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Old 08-19-2015, 09:50 AM   #5
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I agree the Nevada DMV is horrible, but I think most govt offices are likewise. I live in Las Vegas but we are fairly close to the DMV office located in Henderson Nevada so I went to the Henderson location last year to take the written part of the test to get my Nevada class B license and was given the wrong test (twice) and finally told that I should have gone to the North Vegas location as they know better what and how to give the class B written test and that is the DMV location they do all the CDL licensing in Southern Nevada.

I scheduled my driving test and when I arrived at the N. Las Vegas DMV location for the test, they looked up my records and said I still haven't taken the correct test, so I had to take one more additional written test before the driving part. The test are fairly basic and not nearly as in-depth as the regular CDL license as we only had to study parts of the CDL manual and skip a lot of the more technical CDL stuff needed to transport really big loads and dangerous cargo, so read through the material but not a big deal at all for the non commericial class B license.

The driving part of the test was simple also and they didn't seem a bit concerned about who drove the RV to the licensing location. My wife and I had different testers and neither of them asked how or who drove the RV to the DMV location.

Simple driving test, a pre trip routine was done, and it must be done exactly as listed in the training materials then some driving in the stripped off DMV testing lot, with a couple of backing up tests, but if you can back into a rv spot in a tight campground, you probably wont have any issues with that. A 20 minute road trip to test your lane changing, turn signaling and use of mirrors then your done.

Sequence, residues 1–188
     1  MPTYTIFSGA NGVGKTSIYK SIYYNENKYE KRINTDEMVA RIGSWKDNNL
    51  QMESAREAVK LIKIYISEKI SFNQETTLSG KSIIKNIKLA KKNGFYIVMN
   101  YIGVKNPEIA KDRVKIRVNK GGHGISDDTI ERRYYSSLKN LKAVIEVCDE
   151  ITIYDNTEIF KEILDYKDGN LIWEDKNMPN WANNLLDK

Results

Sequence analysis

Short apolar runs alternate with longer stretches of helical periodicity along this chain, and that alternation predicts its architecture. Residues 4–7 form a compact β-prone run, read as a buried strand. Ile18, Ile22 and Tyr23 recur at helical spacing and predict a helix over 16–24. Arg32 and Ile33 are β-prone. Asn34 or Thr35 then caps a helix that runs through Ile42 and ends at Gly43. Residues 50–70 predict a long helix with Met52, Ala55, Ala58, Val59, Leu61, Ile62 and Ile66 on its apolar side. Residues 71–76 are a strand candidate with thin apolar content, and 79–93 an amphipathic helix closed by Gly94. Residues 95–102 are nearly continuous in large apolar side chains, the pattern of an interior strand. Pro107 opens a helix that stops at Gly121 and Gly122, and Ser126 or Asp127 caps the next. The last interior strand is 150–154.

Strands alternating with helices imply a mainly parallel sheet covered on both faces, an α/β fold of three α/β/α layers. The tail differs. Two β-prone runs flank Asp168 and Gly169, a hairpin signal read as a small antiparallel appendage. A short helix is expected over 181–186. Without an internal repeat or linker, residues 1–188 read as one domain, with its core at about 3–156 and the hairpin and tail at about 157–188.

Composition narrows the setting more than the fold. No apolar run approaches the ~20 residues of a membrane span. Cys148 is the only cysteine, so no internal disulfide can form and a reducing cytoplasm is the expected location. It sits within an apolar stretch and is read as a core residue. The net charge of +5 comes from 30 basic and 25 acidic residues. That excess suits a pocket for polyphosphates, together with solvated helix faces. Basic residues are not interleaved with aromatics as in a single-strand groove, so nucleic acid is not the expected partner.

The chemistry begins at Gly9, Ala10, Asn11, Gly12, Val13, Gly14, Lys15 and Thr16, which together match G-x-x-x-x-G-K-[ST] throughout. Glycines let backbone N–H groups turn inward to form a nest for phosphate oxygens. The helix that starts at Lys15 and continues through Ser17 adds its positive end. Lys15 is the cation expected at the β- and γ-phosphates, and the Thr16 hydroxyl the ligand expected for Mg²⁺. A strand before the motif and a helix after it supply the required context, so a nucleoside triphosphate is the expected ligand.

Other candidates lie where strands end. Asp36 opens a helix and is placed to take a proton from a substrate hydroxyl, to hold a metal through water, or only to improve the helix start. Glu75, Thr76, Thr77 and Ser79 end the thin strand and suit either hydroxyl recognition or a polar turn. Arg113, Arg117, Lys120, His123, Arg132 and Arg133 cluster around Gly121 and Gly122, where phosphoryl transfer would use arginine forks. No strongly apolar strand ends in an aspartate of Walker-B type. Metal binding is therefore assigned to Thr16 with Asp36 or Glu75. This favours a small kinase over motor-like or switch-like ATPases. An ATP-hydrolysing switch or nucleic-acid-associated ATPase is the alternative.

My recommendation is to go to the North Las Vegas location right away if you are in Southern Nevada to take both the written and driving parts of the test. Here is what the DMV web site says on driving motorhomes:

Non-Commercial Class A & B, Endorsement J

RV, boat and trailer owners need a Class A or B license to drive vehicles 26,000 pounds or heavier. An Endorsement J is needed to tow a vehicle over 10,000 GVWR. If the combination of the towing vehicle and the towed vehicle(s) exceed 26,000 pounds, a Class A license is required.


The 26,001 wording comes in the regular CDL section and here is what it says on them DMV CDL section of the website

You must have a Commercial Driver License (CDL) to drive a commercial motor vehicle.
A commercial motor vehicle is a motor vehicle or combination of motor vehicles used in commerce to transport passengers or property if the motor vehicle —
  • Has a gross combination weight rating of 26,001 pounds or more inclusive of a towed unit(s) with a gross vehicle weight rating of more than 10,000 pounds; or
  • Has a gross vehicle weight rating of 26,001 pounds or more; or
  • Is designed to transport 16 or more passengers, including the driver; or
  • Is of any size and is used in the transportation of hazardous materials that require placarding.
My understanding is that I can drive any (non-commercial) vehicle over or under 26,000 lbs and may tow anything that weighs under 10,000 lbs with my RV.

If you have a Nevada Class C license and your RV has GVWR of 26,000 you can drive it but couldn't tow anything as that would take you above the 26,001